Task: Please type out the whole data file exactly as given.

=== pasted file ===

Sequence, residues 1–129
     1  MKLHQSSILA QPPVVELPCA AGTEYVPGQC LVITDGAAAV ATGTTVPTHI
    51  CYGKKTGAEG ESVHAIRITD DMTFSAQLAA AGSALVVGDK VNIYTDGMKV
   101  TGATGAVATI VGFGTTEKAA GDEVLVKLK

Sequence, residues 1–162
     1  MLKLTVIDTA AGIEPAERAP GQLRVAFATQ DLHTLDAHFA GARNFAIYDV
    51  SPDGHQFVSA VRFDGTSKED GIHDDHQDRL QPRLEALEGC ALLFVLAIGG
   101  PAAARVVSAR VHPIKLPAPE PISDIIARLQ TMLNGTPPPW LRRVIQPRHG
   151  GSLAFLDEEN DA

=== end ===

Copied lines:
Sequence, residues 1–129
     1  MKLHQSSILA QPPVVELPCA AGTEYVPGQC LVITDGAAAV ATGTTVPTHI
    51  CYGKKTGAEG ESVHAIRITD DMTFSAQLAA AGSALVVGDK VNIYTDGMKV
   101  TGATGAVATI VGFGTTEKAA GDEVLVKLK

Sequence, residues 1–162
     1  MLKLTVIDTA AGIEPAERAP GQLRVAFATQ DLHTLDAHFA GARNFAIYDV
    51  SPDGHQFVSA VRFDGTSKED GIHDDHQDRL QPRLEALEGC ALLFVLAIGG
   101  PAAARVVSAR VHPIKLPAPE PISDIIARLQ TMLNGTPPPW LRRVIQPRHG
   151  GSLAFLDEEN DA